This tool enables groups to look at a decision from several points of view. It was created by Edward de Bono in his book Six Thinking Hats and is an important and powerful technique. The tool is used to look at decisions from a number of important perspectives. This forces participants to move outside a habitual thinking style and helps achieve a more rounded view of a situation.
Many successful people think from a very rational, positive viewpoint: this is part of the reason they are successful. Often, though, they may fail to look at a problem from an emotional, intuitive, creative or negative viewpoint. This can mean that they underestimate resistance to plans, fail to make creative leaps, and do not make essential contingency plans. Similarly, pessimists may be excessively defensive; more emotional people may fail to look at decisions calmly and rationally.
If you look at a problem with the Six Thinking Hats technique, you will be able to solve it using all approaches. Your decisions and plans will mix ambition, skill in execution, public sensitivity, creativity and good contingency planning.
Detailed description of the process
You can use six thinking hats in meetings or on your own. In meetings, it has the benefit of blocking the confrontations that happen when people with different thinking styles discuss the same problem. Each hat is a different style of thinking. These are explained below:
White hat: Objective, neutral thinking in terms of facts, numbers and information. With this thinking hat you focus on the data available. Look at the information you have, and see what you can learn from it. Look for gaps in your knowledge, and try either to fill them or take account of them. This is where you analyse past trends and try to extrapolate from historical data.
Red hat: Emotional, with judgements, suspicions and intuitions. 'Wearing' the red hat, you look at problems using intuition, gut reaction and emotion. Also, try to think how other people will react emotionally. Try to understand the responses of people who do not fully know your reasoning.
Black hat: Negative, sees risks and thinks about why something will not function. Using black hat thinking, look at all the bad points of the decision. Look at it cautiously and defensively. Try to see why it might not work. This is important because it highlights the weak points in a plan, allowing you to eliminate them, alter them, or prepare contingency plans to counter them. Black hat thinking helps to make your plans 'tougher' and more resilient. It can also help you to spot fatal flaws and risks before you embark on a course of action. Black hat thinking is one of the real benefits of this technique, as many successful people get so used to thinking positively that often they cannot see problems in advance. This leaves them under-prepared for difficulties.
Yellow hat: Positive, optimistic, clear, effective and constructive. The yellow thinker helps you to think positively and to put concrete suggestions on the table. It is the optimistic viewpoint that helps you to see all the benefits of the decision and the value in it. Yellow hat thinking helps you to keep going when everything looks gloomy and difficult.
Green hat: Creative, seeks alternatives. The green hat is where you can develop creative solutions to a problem. It is a freewheeling way of thinking, in which there is little criticism of ideas. Provocation is an essential part of the green thinking. A whole range of creativity tools can help you here.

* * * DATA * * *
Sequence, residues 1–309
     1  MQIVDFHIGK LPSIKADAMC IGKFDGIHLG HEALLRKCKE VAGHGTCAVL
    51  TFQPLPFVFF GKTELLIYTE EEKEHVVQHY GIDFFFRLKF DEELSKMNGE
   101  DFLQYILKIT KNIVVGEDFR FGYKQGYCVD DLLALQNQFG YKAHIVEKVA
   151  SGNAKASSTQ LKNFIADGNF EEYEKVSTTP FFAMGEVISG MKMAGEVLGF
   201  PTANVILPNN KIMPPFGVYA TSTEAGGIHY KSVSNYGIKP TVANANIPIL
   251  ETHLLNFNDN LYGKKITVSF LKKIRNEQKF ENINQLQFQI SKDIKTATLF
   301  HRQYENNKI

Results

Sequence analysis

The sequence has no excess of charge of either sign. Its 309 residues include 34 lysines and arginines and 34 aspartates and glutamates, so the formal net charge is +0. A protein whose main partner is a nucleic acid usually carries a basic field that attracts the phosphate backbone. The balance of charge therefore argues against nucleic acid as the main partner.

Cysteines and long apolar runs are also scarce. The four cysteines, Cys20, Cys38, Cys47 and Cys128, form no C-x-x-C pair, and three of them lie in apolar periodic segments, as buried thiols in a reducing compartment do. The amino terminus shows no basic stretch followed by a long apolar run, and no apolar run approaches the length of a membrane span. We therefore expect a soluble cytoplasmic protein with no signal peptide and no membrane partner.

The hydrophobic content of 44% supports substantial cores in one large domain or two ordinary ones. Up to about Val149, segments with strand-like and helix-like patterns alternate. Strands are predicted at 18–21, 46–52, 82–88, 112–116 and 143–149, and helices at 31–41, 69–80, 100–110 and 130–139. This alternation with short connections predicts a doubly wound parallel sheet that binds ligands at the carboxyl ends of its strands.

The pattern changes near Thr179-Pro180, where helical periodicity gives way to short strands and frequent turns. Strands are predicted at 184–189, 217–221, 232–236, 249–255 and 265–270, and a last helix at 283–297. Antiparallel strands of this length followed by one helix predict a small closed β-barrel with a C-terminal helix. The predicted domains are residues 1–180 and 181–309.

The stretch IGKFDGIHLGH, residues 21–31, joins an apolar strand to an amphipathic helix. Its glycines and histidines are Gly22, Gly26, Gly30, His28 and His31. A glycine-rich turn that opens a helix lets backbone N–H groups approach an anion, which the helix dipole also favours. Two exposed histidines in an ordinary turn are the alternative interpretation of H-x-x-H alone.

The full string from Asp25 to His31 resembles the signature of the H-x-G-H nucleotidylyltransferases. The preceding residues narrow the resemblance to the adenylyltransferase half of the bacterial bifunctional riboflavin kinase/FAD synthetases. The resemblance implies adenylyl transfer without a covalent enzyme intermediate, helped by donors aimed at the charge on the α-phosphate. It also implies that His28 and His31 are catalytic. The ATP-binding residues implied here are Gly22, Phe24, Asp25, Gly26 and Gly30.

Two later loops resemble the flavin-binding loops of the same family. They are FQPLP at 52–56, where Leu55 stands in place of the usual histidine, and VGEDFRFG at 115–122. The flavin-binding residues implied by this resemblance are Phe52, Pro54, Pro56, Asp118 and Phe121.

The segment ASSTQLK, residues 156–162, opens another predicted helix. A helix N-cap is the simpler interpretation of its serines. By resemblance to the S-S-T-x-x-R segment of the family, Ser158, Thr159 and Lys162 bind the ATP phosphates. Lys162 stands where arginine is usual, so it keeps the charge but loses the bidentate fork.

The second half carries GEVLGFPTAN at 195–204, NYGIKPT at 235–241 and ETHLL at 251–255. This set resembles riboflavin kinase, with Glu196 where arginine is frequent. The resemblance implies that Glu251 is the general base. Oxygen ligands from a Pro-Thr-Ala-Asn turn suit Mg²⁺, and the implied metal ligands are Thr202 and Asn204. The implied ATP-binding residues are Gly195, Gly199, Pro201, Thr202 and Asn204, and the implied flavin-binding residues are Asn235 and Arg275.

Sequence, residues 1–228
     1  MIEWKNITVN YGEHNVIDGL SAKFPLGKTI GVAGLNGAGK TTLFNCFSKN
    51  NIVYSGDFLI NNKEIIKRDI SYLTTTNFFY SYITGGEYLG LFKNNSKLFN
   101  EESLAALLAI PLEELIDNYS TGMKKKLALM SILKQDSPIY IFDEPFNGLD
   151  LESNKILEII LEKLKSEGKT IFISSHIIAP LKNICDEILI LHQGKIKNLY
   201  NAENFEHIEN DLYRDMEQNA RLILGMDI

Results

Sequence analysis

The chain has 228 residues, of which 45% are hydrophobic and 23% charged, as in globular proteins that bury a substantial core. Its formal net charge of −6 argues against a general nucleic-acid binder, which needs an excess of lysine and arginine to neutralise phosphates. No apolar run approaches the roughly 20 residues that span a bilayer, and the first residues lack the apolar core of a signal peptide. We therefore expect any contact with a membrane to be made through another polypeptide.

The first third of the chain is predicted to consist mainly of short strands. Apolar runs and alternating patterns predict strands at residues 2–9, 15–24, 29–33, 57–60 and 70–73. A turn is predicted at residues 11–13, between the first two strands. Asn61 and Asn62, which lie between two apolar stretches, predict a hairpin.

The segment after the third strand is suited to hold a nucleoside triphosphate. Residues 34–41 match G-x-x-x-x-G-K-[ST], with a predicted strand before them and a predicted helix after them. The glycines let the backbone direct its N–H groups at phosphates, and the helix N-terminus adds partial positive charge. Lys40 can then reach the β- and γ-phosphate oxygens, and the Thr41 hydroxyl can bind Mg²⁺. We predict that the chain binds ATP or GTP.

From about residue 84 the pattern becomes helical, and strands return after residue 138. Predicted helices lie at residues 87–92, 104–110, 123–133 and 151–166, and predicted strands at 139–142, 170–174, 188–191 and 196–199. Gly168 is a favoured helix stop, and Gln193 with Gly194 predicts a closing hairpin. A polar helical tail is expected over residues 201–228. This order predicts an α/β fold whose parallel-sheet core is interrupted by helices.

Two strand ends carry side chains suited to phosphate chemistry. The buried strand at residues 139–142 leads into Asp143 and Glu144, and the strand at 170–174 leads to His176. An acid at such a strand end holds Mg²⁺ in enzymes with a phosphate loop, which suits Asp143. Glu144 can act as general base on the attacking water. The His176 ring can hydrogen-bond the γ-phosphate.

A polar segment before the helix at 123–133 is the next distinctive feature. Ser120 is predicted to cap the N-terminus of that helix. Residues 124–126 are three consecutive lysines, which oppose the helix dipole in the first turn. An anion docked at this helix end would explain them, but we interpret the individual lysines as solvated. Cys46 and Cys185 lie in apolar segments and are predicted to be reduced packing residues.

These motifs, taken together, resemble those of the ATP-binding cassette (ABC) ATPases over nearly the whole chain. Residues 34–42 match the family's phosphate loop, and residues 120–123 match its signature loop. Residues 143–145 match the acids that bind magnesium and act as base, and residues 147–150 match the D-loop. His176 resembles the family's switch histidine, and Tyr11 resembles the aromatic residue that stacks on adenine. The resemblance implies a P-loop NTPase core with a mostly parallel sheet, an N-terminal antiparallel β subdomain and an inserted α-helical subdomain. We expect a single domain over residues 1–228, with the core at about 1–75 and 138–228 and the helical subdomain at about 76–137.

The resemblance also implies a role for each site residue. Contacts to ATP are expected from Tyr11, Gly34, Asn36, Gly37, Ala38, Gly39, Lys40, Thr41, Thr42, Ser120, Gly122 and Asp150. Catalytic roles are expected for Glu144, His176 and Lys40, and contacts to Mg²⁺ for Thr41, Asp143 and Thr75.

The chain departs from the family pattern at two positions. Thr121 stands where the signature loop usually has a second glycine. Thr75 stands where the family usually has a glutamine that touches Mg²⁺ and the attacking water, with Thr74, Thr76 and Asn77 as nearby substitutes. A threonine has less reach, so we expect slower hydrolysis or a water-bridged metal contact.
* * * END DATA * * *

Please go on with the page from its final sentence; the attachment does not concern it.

Blue hat: Thinking about thinking. The blue thinker's role is to keep an overview of what thinking is necessary to scout the subject. The blue thinker is responsible for giving summaries, surveys and conclusions. The blue thinker keeps the discipline and brings the discussions back on to the right track. The blue hat stands for process control: this is the hat worn by people chairing meetings. When running into difficulties because ideas are running dry, they may direct activity into green hat thinking. When contingency plans are needed, they will ask for black hat thinking, etc.
Key points/practical tips
Six thinking hats is a good technique for looking at the effects of a decision from a number of different points of view. It allows necessary emotion and scepticism to be brought into what would otherwise be purely rational decisions, opening up the opportunity for creativity within decision making. The technique also helps, for example, persistently pessimistic people to be positive and creative.
Plans developed using the thinking hats technique will be sounder and more resilient than would otherwise be the case. It may also help you to avoid public relations mistakes, and spot good reasons not to follow a course of action before you have committed to it.
Example: Six hats for post-tsunami reconstruction
Under pressure from donors, media and beneficiaries, those working in housing and settlement efforts in Sri Lanka after the tsunami used the six hats approach in order to plan and implement reconstruction efforts more effectively. The German government, through its Federal Ministry for Economic Cooperation and Development (BMZ), is supporting key Sri Lankan governmental organizations in facilitating and implementing the housing and reconstruction process.
The Sri Lankan and German counterparts jointly conducted the planning of the entire project, including its outcomes and key activities. The joint project planning sessions commenced with the six thinking hats methodology, which was used to generate a shared sense of the key issues in the reconstruction process that needed to be further explored and practically addressed.
This tool first appeared in the ODI Toolkit, Tools for Knowledge and Learning: A Guide for Development and Humanitarian Organisations.